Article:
“The integrated flexible electronics can track an animal’s movement and diving behavior and the health of the surrounding marine environment in real time,” says Joanna Nassar. Now at California Institute of Technology, Nassar was a Ph.D. student in the KAUST team that developed the patch.

Microbial communities have a seasonal shake-up

Apr 22, 2018

Seasonal changes in turbulence and nutrient availability are shown to shape microbial communities in the Red Sea. “A lot of the marine ecosystem is ultimately based on how microbes live and what they’re doing,” explains research scientist John Pearman, who undertook the study. “Knowing how microbes respond is important to understand how the ecosystem is going to function.”

Prof. Michael Berumen has been appointed as Acting Director of the RSRC

Apr 01, 2018

​ Professor Michael Berumen has been appointed as Acting Director of the KAUST Red Sea Research Center effective April 1, 2018.
Dr. Berumen joined KAUST in 2009 and leads the Reef Ecology Lab in the Red Sea Research Center. He has authored more than 180 journal articles on research focusing on a range of coral reef taxa, and he has extensive field experience on coral reefs around the world. In addition to work throughout Saudi Arabia and other parts of the Red Sea, he is also a participant in active projects the Indian and Pacific Oceans, including Papua New Guinea, French Polynesia, Australia, New Caledonia and others.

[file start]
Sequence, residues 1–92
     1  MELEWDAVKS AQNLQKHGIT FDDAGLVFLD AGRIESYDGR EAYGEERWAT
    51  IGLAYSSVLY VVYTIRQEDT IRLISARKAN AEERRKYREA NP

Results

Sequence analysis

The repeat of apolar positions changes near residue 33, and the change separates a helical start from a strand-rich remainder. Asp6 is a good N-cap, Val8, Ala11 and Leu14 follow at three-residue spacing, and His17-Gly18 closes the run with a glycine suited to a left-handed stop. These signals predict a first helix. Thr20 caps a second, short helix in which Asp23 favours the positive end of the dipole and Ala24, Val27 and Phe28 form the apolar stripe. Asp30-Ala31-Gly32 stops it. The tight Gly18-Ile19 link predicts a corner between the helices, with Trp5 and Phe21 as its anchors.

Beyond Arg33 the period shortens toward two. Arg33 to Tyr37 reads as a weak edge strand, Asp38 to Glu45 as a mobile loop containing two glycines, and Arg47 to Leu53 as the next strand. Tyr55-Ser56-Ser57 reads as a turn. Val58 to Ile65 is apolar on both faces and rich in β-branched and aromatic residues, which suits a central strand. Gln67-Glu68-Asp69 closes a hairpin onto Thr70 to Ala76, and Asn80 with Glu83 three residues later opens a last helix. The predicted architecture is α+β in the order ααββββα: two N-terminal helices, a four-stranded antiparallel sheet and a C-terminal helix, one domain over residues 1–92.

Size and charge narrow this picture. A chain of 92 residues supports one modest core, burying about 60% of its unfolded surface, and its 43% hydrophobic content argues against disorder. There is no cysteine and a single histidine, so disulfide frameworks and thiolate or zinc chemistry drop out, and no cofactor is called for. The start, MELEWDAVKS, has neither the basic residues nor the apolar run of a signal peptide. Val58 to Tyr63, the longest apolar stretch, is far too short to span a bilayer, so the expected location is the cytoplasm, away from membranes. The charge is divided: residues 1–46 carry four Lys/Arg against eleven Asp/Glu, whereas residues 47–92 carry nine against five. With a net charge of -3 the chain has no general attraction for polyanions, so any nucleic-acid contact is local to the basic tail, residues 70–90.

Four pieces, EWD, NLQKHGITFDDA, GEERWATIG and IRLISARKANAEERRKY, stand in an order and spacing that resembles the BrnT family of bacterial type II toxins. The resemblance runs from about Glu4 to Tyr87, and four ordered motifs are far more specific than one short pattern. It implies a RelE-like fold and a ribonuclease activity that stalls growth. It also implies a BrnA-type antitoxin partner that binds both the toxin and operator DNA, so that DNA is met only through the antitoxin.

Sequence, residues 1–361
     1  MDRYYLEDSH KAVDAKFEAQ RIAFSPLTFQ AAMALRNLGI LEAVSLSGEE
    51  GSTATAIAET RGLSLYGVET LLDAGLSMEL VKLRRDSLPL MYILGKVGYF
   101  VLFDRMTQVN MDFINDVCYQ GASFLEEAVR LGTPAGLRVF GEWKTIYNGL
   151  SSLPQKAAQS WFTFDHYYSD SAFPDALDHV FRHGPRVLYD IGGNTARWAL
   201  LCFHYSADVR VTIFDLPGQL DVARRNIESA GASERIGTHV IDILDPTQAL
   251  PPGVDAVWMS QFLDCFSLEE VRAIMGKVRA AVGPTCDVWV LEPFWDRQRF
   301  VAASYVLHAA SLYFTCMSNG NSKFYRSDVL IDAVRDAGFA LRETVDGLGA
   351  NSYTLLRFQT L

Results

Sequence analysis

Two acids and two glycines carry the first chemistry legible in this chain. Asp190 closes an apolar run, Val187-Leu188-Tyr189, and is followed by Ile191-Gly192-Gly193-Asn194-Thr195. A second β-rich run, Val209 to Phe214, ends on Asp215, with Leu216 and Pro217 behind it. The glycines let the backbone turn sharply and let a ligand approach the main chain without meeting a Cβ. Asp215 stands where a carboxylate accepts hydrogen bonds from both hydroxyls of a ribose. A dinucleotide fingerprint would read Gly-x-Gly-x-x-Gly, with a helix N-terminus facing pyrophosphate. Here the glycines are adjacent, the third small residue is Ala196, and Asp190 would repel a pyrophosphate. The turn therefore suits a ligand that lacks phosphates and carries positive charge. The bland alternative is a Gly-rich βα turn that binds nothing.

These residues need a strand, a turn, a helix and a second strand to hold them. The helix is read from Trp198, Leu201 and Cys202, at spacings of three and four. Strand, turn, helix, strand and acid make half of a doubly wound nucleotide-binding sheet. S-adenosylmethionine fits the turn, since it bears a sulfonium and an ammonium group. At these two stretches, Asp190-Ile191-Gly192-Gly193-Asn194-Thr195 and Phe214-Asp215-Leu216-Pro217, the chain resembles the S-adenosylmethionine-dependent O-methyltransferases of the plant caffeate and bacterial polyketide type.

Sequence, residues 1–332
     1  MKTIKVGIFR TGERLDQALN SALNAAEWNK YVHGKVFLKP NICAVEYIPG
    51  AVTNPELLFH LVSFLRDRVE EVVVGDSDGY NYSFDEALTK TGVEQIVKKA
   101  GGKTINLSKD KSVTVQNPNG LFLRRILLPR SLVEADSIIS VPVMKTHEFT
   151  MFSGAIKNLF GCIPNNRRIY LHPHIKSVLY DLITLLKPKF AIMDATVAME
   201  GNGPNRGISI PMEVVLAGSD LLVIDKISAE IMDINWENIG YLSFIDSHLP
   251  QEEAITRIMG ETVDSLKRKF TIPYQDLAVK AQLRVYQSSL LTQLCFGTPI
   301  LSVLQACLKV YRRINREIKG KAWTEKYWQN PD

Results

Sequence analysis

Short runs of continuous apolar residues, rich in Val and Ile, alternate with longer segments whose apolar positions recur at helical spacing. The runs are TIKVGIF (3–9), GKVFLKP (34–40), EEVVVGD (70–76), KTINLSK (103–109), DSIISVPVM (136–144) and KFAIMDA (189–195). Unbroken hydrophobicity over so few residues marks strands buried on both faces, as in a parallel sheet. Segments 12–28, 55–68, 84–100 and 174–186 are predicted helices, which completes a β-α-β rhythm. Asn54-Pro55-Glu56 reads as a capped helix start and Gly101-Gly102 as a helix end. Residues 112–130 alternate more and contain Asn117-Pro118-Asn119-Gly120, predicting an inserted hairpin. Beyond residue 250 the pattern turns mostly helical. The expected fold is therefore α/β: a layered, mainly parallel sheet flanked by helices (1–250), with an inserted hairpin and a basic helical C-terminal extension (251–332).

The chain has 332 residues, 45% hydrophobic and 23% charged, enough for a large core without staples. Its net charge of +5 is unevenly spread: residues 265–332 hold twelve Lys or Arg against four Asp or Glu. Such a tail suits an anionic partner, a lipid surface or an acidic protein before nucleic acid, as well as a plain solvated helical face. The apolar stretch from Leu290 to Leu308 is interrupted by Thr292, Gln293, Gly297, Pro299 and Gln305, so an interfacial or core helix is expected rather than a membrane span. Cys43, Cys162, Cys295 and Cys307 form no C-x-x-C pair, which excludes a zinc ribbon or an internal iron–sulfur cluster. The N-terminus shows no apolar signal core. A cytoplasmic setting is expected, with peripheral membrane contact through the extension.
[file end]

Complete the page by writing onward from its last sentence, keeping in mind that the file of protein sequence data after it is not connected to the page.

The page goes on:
Prof. Duarte honored for outstanding accomplishments in marine biodiversity science

Mar 21, 2018

Carlos Duarte was named the first recipient of the Carlo Heip Award for outstanding accomplishments in marine biodiversity science. Duarte will receive the award at the Carlo Heip Award ceremony, which will take place on May 15 in Montreal, Canada.

Nils Rädecker wins best student presentation award at ECRS 2017

Feb 15, 2018

Nils Radecker, a Ph.D. student in the RSRC's Reef Genomics Lab, won a best student presentation award at the European Coral Reef Symposium (ECRS) 2017. Radecker's talk entitled "Understanding coral bleaching in the light of holobiont nutrient cycling" was focused on his work to decipher the underlying mechanisms of coral bleaching, or the breakdown of the symbiosis between corals and endosymbiotic algae due to ocean warming.

Coral lifestyles reflected in their genes

Feb 01, 2018

The first comparative genome study between two corals reveals significant evolutionary differences. These findings could help scientists understand the resilience of corals and how they might respond to climate change.
Reef-building corals diverged into two genetically distinct groups, called the robust clade and the complex clade, at least 240 million years ago. Until now, the only complex coral genome available has been for the complex coral Acropora digitifera. An international team, led by Christian Voolstra and Manuel Aranda from KAUST, sequenced the genome of the robust coral Stylophora pistillata and then compared it with the existing Acropora genome.